You need friends with whom you can be completely yourself without having to measure up and perform. You need friends who bring you joy and life rather than exhaustion and anxiety. These are the friends with whom you can be vulnerable.
I have a handful of close friends with whom I can share just about anything. Some of them live in the same town, but many others live in other parts of the country, but we communicate regularly in some way—be it voice call or text.
These are folks I love and would do absolutely anything for. David had Jonathan. Jesus had his three close friends. And so should you. Isolation will absolutely destroy your leadership.
4. You need people who will tell you things you don’t want to hear.
This is likely the most difficult person to place in your inner circle. But you need them.
Unlike fathers, protégé’s, and friends, these are people who are committed to your well-being but will tell you when you are doing wrong things. You need people like this around you in your ministry or organization or business.
Think of Nathan, who had the courage to hear the word of the Lord and rebuke King David for his sin. In this case, the leader created an environment where such rebukes were welcomed. You have to be willing to allow people in who disagree with you and push you. Not in a cynical, destructive way, but in a way that helps you flourish.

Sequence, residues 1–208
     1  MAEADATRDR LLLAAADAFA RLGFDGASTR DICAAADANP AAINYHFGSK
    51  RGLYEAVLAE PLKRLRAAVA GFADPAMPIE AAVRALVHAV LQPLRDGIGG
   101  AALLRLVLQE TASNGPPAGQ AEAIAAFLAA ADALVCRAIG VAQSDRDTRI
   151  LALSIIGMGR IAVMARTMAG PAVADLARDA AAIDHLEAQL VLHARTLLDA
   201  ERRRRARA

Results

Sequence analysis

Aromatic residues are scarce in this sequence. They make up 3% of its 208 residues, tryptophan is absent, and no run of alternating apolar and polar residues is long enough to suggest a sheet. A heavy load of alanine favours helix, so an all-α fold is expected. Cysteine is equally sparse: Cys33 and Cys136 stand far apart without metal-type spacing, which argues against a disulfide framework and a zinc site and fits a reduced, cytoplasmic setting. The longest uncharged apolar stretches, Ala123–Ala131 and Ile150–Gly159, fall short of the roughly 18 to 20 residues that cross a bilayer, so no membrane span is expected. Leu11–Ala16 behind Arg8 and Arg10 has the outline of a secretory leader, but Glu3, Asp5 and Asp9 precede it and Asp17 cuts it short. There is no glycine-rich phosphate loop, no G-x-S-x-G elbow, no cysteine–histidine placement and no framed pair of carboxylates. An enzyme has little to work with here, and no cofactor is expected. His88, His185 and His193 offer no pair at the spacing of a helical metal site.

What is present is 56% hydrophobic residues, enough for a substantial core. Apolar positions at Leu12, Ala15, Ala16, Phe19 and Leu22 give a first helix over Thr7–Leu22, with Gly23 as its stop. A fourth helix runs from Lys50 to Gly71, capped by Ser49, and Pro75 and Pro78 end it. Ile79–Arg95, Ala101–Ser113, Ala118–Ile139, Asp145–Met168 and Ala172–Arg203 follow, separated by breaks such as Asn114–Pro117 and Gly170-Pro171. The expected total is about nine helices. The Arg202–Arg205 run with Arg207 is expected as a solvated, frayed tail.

And the earlier in your career you do this, the better. If you surround yourself with “yes” men and women, you’ll create a sort of bubble around you that isolates you from reality. I have seen this kind of dangerous environment over and over again my lifetime.
But if you put people in your life who are allowed to tell you no, you can avoid the kind of pitfalls that take leaders down. It’s critical to your leadership to have few folks around who don’t see you as their hero—who don’t think you’re that big of a deal.
5. You need people who complement your gifts and your life experiences.
If you are a visionary leader who isn’t great with granular details, you’ll need others who are excellent in systems and execution. If you’re introverted, you’ll need some extroverts in your circle.
You also need people who compliment you in age and experience. Surrounding yourself with people who are your same age, who think the same way you do in every way, and who are from the same kind of social background, will only influence your leadership with an eye toward people just like you.
This is especially important in church life. You need a diverse set of staff and inner circle that offer insight born out of lives different from your own.
Cultivating this diverse inner circle will take some effort—and maybe a little pain. But by inviting these five key people to work alongside you and speak into your life and ministry, you’ll be glad you did this hard work when you look back after a strong finish.
And those you lead and have led will be glad you did, too.
DANIEL DARLING (@dandarling) is vice president of communications for the Ethics and Religious Liberty Commission and teaching and discipleship pastor at Green Hill Church in Mt. Juliet, Tennessee. He is the author of several books, including The Dignity Revolution.